why we said “no” to the potential of a half sibling

When you express interest in adopting a sibling set, sooner or later someone asks you … “So if the bio parent(s) has another child(ten) would you be willing to be a resource?”

My husband and I digested this question last spring and at the time our answer was, “We’d be willing to discuss it.”  At the time we imagined this question to come years… several years… down the road.

In reality, this question actually arose in January… just two months ago… as we learned that first mom is pregnant.  The dad isn’t first dad.

A variety of thoughts floated in my mind…

“Where would the baby sleep?”

“Since the baby has a different dad there is a chance his/her biological father would get custody sooner or later.  How would Big Brother and Little Sister stomach that?”

After looking at the situation from Big Brother’s and Little Sister’s perspective we decided having the baby in our home is not in their best interest.  Big Brother and Little Sister have already gone through so much trauma and change.  Having a half sibling baby in our home could potentially bring more pain.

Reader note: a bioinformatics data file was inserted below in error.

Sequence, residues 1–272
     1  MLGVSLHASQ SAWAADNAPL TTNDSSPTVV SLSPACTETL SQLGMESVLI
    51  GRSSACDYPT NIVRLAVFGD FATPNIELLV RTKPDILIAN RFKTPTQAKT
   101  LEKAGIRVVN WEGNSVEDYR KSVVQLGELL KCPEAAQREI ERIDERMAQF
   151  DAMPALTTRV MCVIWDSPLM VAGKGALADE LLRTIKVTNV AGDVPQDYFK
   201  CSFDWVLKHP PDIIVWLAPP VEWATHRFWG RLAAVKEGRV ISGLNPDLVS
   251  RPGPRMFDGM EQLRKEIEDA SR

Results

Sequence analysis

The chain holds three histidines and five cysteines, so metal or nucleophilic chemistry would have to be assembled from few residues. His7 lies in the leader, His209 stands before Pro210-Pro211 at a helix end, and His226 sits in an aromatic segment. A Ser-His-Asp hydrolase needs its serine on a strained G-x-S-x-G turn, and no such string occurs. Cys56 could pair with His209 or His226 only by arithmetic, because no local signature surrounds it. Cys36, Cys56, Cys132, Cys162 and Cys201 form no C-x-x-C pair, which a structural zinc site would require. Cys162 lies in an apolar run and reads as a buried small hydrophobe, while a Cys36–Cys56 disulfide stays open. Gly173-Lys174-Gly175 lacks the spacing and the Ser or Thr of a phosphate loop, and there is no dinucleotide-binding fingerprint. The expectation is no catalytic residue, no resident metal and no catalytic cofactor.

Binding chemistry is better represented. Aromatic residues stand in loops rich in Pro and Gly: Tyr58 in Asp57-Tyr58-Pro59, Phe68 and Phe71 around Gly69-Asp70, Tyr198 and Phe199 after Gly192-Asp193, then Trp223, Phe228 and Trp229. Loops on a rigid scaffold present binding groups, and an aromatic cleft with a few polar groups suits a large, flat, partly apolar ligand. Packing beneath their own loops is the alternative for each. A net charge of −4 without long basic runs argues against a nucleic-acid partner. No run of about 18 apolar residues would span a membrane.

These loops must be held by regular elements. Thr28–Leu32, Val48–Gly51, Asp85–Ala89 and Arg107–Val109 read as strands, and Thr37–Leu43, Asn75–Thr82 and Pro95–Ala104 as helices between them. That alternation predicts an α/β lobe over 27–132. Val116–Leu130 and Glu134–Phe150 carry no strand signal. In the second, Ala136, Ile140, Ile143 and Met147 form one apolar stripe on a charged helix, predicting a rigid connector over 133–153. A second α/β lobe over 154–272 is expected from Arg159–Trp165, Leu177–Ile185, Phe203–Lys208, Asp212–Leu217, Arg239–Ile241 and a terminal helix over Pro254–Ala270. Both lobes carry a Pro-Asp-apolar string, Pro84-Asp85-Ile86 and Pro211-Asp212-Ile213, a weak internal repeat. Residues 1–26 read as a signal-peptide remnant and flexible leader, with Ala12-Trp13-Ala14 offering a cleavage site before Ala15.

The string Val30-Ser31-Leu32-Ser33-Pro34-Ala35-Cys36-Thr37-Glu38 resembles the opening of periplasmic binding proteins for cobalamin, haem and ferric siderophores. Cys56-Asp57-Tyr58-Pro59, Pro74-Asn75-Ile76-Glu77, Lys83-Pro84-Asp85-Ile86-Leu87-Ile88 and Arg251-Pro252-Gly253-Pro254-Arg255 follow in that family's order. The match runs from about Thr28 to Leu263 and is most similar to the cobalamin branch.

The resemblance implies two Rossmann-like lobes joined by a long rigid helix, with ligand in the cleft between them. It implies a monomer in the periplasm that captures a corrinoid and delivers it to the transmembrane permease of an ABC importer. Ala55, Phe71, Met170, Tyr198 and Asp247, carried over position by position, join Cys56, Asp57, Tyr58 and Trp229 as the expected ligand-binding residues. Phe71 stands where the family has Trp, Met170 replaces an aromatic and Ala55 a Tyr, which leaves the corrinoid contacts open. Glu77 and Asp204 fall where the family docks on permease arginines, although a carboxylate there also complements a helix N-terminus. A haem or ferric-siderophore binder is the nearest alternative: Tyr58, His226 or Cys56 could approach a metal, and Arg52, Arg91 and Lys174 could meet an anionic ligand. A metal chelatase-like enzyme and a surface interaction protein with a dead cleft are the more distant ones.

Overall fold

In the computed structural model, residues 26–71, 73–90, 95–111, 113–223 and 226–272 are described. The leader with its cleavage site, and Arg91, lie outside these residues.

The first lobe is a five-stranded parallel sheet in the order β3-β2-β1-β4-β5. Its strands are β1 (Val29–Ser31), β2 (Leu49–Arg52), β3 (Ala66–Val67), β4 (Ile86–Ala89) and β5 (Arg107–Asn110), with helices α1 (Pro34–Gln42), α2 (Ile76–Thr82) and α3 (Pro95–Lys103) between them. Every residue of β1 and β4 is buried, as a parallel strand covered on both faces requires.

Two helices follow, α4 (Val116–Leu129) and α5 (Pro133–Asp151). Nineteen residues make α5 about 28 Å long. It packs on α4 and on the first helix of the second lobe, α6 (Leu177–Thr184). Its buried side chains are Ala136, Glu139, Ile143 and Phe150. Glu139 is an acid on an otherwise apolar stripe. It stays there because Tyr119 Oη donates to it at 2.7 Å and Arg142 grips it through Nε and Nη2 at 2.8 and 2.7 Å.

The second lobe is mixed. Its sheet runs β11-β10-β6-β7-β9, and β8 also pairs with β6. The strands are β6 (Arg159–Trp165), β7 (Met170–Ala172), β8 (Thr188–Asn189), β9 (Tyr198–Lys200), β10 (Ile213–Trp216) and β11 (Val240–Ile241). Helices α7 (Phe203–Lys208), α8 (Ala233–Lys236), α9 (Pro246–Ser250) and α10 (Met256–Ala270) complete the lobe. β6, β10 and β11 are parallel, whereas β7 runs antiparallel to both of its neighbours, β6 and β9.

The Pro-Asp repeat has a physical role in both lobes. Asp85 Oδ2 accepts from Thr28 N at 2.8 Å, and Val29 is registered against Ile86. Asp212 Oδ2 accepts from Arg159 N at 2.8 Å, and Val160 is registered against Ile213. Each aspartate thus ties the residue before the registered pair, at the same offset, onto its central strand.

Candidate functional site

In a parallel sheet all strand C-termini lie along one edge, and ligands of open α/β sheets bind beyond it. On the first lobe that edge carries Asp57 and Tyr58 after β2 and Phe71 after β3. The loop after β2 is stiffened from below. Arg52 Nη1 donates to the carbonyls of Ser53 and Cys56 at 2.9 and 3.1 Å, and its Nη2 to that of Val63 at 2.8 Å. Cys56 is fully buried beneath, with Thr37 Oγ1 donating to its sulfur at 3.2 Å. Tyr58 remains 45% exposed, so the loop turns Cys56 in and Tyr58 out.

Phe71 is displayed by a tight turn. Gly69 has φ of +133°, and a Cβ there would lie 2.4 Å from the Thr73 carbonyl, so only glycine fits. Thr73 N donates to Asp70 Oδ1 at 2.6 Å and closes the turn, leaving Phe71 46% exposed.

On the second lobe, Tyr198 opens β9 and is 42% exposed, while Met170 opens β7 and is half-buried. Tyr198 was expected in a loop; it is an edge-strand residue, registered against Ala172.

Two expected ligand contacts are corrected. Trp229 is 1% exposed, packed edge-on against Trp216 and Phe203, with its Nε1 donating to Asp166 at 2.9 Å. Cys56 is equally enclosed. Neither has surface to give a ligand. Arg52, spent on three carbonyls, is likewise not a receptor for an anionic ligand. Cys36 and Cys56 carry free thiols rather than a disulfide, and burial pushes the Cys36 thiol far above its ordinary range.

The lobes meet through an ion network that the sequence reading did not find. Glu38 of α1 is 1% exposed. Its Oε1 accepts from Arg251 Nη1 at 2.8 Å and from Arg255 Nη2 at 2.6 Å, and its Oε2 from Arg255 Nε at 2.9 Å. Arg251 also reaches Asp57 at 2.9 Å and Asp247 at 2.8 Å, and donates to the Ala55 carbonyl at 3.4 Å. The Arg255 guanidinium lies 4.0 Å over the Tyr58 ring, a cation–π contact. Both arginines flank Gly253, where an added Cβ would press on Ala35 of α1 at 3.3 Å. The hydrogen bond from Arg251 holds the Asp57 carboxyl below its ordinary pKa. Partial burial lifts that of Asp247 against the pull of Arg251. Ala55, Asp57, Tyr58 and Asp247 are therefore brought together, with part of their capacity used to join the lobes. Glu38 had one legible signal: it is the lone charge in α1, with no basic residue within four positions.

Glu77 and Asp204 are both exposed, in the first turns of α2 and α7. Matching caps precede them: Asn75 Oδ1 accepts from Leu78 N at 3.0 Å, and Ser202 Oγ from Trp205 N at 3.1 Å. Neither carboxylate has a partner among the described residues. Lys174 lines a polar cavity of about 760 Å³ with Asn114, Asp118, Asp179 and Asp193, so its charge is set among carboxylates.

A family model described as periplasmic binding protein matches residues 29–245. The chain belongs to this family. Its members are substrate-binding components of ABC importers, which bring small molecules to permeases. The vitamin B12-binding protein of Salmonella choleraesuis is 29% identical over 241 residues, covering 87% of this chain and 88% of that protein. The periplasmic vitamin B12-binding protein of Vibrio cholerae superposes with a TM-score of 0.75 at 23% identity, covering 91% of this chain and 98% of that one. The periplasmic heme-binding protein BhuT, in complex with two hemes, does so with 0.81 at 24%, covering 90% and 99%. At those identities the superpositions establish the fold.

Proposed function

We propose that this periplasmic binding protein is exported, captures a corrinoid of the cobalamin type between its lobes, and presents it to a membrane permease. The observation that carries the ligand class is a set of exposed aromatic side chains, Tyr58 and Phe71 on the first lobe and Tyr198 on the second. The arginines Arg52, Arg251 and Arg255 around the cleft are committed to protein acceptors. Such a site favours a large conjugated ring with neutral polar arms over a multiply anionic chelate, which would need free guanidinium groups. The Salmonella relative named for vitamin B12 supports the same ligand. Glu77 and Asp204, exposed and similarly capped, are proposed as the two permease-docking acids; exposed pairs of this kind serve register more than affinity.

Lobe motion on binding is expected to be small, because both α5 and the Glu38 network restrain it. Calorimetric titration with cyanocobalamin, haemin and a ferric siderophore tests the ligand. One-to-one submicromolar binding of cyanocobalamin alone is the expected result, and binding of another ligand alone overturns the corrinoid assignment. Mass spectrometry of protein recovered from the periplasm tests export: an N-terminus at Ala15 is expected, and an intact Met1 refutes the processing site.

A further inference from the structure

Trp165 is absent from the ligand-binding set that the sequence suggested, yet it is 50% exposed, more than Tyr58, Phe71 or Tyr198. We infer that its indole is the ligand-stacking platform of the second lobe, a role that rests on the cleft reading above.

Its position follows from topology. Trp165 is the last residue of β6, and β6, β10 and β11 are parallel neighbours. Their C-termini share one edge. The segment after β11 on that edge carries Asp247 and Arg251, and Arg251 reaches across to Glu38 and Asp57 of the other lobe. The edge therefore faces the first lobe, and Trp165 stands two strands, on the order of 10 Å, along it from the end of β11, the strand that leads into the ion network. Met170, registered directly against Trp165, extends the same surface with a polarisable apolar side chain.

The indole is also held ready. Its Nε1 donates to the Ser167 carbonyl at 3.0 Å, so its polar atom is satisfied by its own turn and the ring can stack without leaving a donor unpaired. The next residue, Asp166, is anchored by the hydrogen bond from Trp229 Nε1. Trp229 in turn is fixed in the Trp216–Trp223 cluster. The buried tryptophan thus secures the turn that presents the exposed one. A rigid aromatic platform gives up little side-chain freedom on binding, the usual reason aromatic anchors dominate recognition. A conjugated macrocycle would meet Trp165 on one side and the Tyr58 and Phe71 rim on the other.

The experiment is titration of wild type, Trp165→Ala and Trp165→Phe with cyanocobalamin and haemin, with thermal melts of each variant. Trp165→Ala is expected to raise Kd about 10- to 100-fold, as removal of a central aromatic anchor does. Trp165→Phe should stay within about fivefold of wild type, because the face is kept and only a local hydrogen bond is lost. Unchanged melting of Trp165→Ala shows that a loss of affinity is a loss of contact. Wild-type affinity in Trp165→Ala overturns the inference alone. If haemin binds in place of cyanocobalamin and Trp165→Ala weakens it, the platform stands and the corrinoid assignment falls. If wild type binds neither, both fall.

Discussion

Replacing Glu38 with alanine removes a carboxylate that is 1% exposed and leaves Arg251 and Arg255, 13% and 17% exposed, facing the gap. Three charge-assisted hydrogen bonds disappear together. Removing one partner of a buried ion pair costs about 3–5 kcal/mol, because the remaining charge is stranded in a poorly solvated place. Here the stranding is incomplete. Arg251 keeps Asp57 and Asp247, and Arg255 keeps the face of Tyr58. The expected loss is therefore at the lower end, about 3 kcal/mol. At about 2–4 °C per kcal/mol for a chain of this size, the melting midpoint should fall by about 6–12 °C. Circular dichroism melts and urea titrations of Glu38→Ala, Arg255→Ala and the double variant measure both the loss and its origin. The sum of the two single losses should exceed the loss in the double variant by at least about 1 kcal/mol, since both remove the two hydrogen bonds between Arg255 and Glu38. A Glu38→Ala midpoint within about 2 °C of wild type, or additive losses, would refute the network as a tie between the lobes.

In the spirit of wanting this precious baby to break generational cycles, we contacted some friends.  Two families, actually, who are willing to be a foster/adoptive resource to the baby if needed.  Both families are local so our thought is at least Big Brother and Little Sister could potentially live in the same community as their half sibling.

Please pray for this child.  This precious child who had no choice on the environment it will be born into… likely while first mom is in prison.  Pray for the pregnancy to be safe, for first mom to make a good choice for her baby’s future, and for family that will raise this child.

published 3/15/2015

Published by MarcyBursac

Marcy is an adoptive mom of a sibling pair. Adoption was her Plan A. While remote schooling her children during the pandemic, Marcy felt compassion for the remaining 120,000 U.S. children who are waiting in foster care to be adopted. Wanting to share that foster care adoption is the most affordable way to adopt with a financial cost of $0-$2,500, she wrote a book and started a podcast both called "The Forgotten Adoption Option" to find more forever families.

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